different character models of Lara Croft through the ages in various iterations of the Tomb Raider game

Katya’s Tomb Raider is a great example here and we’ll probably come back to it a bunch during the episode. Pretty much every time a new game or film entry has come out for the last couple decades there’s a bajillion think pieces in both popular press and academia that are basically “is this sexist or is it empowering” and the truth is that it’s not necessarily a binary answer. Again, the male gaze is sort of “how and why one doesn’t necessarily preclude the other.” Something can be empowering and problematic at the same time. We can have complex feelings about media because media will always be complex. So, as Katya said, we really want to hear some questions on this one. What are your thoughts on how the male gaze works? Are there things you think we should talk about? Do you have examples that you think can be confusing, complicated or just interesting? Let us know.

3 Comments and 2 Webmentions for “Call for Comments: The Male Gaze and its Discontents”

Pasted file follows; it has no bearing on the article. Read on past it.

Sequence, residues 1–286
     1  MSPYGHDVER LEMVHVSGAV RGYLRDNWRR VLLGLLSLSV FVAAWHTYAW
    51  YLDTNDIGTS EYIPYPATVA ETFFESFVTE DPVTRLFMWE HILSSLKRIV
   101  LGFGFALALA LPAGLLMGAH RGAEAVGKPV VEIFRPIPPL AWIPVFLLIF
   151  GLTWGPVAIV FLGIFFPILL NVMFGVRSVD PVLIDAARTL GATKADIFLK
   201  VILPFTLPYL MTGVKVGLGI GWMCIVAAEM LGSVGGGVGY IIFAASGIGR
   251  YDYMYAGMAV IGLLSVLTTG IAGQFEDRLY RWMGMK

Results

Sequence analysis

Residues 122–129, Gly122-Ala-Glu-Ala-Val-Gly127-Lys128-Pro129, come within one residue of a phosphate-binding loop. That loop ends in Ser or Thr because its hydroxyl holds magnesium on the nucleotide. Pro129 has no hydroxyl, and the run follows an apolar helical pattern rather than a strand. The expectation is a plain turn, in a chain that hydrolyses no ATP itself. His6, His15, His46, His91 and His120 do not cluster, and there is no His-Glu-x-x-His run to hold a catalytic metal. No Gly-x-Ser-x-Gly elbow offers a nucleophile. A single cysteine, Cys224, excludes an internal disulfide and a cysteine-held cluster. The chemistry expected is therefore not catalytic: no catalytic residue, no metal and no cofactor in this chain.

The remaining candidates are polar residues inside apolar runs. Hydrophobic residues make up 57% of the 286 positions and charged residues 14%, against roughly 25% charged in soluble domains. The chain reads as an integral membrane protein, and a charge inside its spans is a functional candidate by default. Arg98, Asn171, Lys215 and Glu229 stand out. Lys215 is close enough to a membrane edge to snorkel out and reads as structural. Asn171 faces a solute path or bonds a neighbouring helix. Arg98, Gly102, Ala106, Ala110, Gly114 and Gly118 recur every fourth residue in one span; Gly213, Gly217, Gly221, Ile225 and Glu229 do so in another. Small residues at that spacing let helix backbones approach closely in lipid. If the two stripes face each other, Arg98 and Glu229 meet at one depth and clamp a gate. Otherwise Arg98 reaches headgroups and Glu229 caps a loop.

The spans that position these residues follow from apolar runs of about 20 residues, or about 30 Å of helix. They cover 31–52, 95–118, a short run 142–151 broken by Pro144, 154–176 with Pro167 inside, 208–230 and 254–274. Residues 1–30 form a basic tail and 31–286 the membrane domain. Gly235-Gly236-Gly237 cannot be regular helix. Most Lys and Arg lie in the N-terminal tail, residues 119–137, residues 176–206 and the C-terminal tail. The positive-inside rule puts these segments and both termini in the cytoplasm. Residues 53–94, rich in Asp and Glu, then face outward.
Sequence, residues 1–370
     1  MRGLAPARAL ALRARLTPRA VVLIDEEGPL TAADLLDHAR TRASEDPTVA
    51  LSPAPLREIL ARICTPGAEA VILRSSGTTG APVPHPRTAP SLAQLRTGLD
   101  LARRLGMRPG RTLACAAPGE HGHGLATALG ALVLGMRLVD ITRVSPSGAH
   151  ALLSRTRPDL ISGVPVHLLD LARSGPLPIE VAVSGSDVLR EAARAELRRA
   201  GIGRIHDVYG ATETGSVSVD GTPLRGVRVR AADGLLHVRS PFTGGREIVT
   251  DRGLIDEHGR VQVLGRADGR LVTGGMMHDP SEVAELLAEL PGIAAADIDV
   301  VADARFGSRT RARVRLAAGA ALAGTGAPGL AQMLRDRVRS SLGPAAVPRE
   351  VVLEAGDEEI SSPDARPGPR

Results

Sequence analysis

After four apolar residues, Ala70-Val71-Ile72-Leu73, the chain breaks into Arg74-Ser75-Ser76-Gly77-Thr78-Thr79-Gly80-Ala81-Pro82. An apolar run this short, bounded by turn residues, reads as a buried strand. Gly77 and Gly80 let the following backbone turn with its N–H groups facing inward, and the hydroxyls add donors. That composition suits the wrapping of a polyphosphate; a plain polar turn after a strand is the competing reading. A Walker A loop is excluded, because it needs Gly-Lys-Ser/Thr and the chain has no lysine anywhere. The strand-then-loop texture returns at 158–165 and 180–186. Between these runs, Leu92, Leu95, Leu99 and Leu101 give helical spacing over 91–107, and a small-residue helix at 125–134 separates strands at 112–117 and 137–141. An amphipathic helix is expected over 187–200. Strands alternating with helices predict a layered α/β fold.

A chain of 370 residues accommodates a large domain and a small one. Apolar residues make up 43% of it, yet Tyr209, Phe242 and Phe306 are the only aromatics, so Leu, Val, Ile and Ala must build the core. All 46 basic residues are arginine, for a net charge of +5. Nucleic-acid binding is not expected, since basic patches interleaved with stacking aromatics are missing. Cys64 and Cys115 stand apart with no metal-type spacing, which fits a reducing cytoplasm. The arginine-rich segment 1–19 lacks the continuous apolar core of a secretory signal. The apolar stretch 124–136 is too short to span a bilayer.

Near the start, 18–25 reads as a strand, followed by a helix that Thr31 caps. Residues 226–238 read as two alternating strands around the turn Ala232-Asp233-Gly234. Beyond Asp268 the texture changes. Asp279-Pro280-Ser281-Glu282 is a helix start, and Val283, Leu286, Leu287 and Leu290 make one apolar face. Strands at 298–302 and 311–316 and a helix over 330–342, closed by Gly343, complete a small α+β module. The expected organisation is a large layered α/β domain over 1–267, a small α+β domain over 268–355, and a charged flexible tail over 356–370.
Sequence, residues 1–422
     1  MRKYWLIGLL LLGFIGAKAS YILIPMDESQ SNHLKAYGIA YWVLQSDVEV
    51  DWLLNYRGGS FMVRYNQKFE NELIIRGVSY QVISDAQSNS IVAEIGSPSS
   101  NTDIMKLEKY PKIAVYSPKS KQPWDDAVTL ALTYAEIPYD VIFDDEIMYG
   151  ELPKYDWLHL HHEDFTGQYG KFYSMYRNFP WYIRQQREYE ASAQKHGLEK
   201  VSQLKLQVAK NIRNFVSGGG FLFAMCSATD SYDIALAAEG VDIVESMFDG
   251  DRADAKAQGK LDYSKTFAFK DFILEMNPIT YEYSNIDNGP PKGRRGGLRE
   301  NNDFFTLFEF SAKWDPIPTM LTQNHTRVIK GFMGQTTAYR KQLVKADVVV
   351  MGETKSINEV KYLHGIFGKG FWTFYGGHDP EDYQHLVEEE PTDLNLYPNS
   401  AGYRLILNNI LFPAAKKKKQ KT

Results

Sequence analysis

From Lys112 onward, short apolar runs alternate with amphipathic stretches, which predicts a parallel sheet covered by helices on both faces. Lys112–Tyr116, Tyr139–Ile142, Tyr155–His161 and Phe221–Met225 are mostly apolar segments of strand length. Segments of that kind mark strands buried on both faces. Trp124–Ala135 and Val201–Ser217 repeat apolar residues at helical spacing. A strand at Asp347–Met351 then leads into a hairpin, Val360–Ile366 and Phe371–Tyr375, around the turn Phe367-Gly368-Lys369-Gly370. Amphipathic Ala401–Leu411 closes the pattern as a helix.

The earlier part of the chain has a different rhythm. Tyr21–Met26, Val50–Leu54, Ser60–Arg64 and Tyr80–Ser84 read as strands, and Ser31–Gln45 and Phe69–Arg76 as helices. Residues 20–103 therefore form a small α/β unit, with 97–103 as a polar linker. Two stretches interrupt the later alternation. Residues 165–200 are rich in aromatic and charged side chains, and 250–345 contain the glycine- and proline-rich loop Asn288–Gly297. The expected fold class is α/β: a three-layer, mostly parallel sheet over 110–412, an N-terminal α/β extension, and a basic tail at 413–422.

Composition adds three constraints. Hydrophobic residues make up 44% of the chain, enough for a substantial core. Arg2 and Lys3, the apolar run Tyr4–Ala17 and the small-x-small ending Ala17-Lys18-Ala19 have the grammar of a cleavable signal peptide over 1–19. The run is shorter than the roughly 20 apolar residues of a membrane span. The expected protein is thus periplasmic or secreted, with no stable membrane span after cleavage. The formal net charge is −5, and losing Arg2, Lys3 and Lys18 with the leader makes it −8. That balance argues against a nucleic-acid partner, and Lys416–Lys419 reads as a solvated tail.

1. This is a great old chestnut of a question in game studies and media studies! Croft’s development, from an improbably triangle-boobed silent heroine to PTSD-stricken tough survivor is one of the most widely recognized and written-on IP developments in gaming, though in my view Croft’s gender cannot funtion in the game without attendant gazes of imperialism and whiteness. While lots of female gamers enjoy the rare opportunity to play as a strong, competant woman who, iun the last three games, at least, is normally proportioned if still improbably beautiful, what Croft DOES is deeply problematic. She is a potential feminist icon while simultaneously being a definite white supremacist one. The Sqare Enix reboot was well designed, fun to play, and adultified with gritty violence and trauma to match an aging target demorgraphic while still being able to bring in new players, but the core of the games still revolve around an extremely white womn showing up in a location with non-white indigenous people, then killing and blasting her way through anciet vistas, decimatuing the population or occasionally restructuring their political order (which is framed to be a moral action), all while casually looting artifacts for what is implied to be a personal collection.